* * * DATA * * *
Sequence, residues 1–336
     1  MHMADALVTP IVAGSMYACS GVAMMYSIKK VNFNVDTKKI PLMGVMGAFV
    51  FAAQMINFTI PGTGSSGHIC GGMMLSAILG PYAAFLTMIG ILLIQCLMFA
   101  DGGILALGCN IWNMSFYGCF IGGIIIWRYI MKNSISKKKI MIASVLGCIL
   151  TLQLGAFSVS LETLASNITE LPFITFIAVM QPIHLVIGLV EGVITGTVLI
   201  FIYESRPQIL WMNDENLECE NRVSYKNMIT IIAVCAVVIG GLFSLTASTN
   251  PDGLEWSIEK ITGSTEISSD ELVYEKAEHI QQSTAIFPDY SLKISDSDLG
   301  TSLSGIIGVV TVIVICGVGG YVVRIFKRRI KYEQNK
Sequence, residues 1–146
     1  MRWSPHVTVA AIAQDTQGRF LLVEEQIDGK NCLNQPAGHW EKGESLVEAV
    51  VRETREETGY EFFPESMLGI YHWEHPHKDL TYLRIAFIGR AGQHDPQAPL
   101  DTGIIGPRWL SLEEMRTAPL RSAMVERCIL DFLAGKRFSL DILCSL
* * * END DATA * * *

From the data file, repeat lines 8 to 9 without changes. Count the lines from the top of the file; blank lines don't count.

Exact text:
   301  TSLSGIIGVV TVIVICGVGG YVVRIFKRRI KYEQNK
Sequence, residues 1–146